Friday, February 22, 2013
Review of The Sea Detective by Mark Douglas-Home (2011, Sandstone Press)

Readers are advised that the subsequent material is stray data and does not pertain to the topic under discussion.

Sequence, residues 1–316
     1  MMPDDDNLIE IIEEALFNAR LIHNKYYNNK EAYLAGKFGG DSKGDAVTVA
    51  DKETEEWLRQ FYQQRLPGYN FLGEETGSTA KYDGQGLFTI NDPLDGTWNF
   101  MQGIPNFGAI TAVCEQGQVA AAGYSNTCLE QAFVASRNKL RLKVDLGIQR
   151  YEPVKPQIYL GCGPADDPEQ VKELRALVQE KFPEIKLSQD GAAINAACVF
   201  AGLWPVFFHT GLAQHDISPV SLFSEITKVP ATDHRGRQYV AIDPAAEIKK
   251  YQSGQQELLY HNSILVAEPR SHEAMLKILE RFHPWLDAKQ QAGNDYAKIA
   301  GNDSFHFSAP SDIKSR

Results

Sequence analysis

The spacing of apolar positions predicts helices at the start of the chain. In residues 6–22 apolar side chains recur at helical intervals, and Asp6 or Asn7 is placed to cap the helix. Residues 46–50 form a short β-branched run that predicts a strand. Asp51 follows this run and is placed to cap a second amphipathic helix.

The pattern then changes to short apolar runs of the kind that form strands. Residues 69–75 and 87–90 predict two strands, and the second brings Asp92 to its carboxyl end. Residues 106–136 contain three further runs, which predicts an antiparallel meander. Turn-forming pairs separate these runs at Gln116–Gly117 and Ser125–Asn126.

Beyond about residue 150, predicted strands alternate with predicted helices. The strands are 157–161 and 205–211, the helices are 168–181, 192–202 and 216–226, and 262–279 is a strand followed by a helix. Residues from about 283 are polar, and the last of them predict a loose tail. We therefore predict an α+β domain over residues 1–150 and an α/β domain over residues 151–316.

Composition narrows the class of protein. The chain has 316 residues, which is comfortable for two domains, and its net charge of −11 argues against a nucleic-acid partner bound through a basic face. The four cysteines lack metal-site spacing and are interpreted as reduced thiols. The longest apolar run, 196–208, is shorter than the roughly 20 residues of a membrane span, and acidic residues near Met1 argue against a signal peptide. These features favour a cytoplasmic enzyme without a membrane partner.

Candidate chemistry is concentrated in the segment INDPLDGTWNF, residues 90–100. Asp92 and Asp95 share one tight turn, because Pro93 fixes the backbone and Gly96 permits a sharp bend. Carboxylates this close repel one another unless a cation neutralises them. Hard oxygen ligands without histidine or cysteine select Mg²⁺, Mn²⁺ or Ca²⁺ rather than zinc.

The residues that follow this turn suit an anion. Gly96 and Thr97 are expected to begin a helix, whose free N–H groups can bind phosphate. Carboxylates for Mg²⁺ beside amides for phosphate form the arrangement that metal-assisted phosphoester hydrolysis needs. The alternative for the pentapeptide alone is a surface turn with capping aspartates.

The Sea Detective is a hugely enjoyable read, told in an engaging and compelling voice. An awful lot happens in its 280 pages, with its three main intersecting plot lines, but at no point does the story feel overcomplicated or underdeveloped or overly contrived. Packing so much in, in terms of historical, social and scientific contextualisation and the back stories of the various characters, whilst keep the story front and centre without the text becoming bloated or preachy is a remarkable feat. The characterisation is excellent, especially the lead characters of Cal McGill, DC Helen Jamieson, Basanti, and DI Ryan, who all are complex and three-dimensional (I especially liked Jamieson as the intelligent but overweight cop who craves recognition and acceptance, but is misjudged and mocked by her colleagues). Douglas-Home is particularly good at framing and playing out a scene and the interactions between characters. There is a strong sense of place throughout, especially with respect to rural, coastal Scotland. The plotting is, in my view is exceptional, creating a story that hooks the story in and incessantly tugs them along on a gripping, emotional journey. Overall, an excellent first novel that I’d thoroughly recommend. I’ll definitely be reading the next in the series.